In my October 19th entry, I discussed the tutorial that I was creating for staff at Halifax Public Libraries. This tutorial focussed on our kids’ catalogue, known as KidSearch. I now have the feedback from my tutorial.
Prior to this tutorial, I was concerned with some of the informal and second-hand feedback I was receiving about the kids’ catalogue. Some staff felt that the catalogue was not successfully serving its purpose, while others were leaning toward the removal of this catalogue altogether.
With the three year mark having just passed in the implementation of the kids’ catalogue, I felt that a full report, including a survey, might be necessary to properly evaluate the success of this catalogue and its future.
Prior to conducting a staff survey however, I was approached to create and conduct a tutorial for the kids’ catalogue that would be delivered to all public supervisors and readers’ advisors. The results of this tutorial were very positive.
Out of all of the evaluations that were returned, only one staff member indicated that they saw no need for the kids’ catalogue. Many readers’ advisors were pleasantly surprised with the features of the catalogue and were very excited to begin using it to its fullest extent. This includes promoting the reading lists included on the site to parents and teachers and searching in the catalogue because it retrieves materials only included in the Children’s collection.
What impressed me was the depth of feedback and careful consideration staff put into their evaluation forms.
There was one comment regarding the exclusion of YA materials in the catalogue’s searches. YA materials are not included in search results in KidSearch because the primary purpose of the children’s catalogue is to target the 6 to 10 age group and beginning or young readers. This is exhibited through its image-based and simplified appearance.
Some of the comments were also very helpful regarding changes that should be considered for the catalogue. An example of one of these changes deals with the default search on the main page. From staff comments, it can be concluded that a title search or more advanced keyword search may be preferred over the current anyword search. Also, there was a comment about searching in the search history.. The staff member was concerned that terms in the search history defaulted to the main page of the kids’ catalogue, rather than recalling previous search results. After attempting several other searches, I received the same result. This is something that has only now been brought to our attention and is extremely helpful feedback. Some suggestions may be more difficult to implement as we are restricted by the capability of the software.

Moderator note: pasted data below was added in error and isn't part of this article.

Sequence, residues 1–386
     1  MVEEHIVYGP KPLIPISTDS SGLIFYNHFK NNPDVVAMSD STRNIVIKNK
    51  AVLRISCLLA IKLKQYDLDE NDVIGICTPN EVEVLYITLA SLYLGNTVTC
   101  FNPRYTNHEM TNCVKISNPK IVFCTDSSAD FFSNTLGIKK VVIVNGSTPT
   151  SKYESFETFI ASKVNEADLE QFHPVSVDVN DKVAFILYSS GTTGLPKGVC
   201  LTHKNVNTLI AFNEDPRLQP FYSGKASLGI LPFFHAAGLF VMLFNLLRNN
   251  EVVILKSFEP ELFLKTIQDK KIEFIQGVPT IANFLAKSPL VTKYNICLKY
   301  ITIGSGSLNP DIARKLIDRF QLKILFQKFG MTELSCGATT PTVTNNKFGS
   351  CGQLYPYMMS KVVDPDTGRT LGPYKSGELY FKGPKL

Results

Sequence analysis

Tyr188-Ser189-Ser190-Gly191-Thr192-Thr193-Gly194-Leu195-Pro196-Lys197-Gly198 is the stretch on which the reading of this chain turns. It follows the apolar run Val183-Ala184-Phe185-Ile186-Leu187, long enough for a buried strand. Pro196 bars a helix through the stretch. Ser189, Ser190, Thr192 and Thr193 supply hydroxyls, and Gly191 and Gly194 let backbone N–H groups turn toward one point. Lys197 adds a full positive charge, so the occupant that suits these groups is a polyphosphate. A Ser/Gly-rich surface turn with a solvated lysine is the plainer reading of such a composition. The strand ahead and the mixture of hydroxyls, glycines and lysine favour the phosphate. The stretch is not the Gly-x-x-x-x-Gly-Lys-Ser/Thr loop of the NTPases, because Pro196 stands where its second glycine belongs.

Providing staff with an opportunity to suggest the contents of the reading lists will help create a collaborative environment surrounding the use of the kids’ catalogue. Many staff members were very excited about this ability to share information and ideas. I believe this will make staff less afraid of the behind the scenes “mystique” in the library catalogue.
Overall, I believe the KidSearch tutorial provided us with some very helpful feedback. Although not well used in the past, it appears as if the main reason was a lack of understanding regarding how the kids’ catalogue was laid out and the features that it exhibits. Also an inhibiter was the overall lack of knowledge regarding how to search this catalogue and the various searching capabilities. Most of the comments suggested that the kids’ catalogue is useful and of significant value to the library.
This tutorial has also assisted me in the direction of my report on the catalogue. I now have a greater understanding of how staff feel about the catalogue and what the barriers were in not using the catalogue in the past. As a result, the survey portion of my report has been altered, and the length and depth of the survey can be minimized.
All in all, the tutorial was a great success. I received a lot of feedback about the catalogue and was able to market the catalogue to staff through educating them about the catalogue. The knowledge and skill set they have now obtained will carry over to the public and, in all likelihood, boost the usage of the kids’ catalogue among staff and patrons.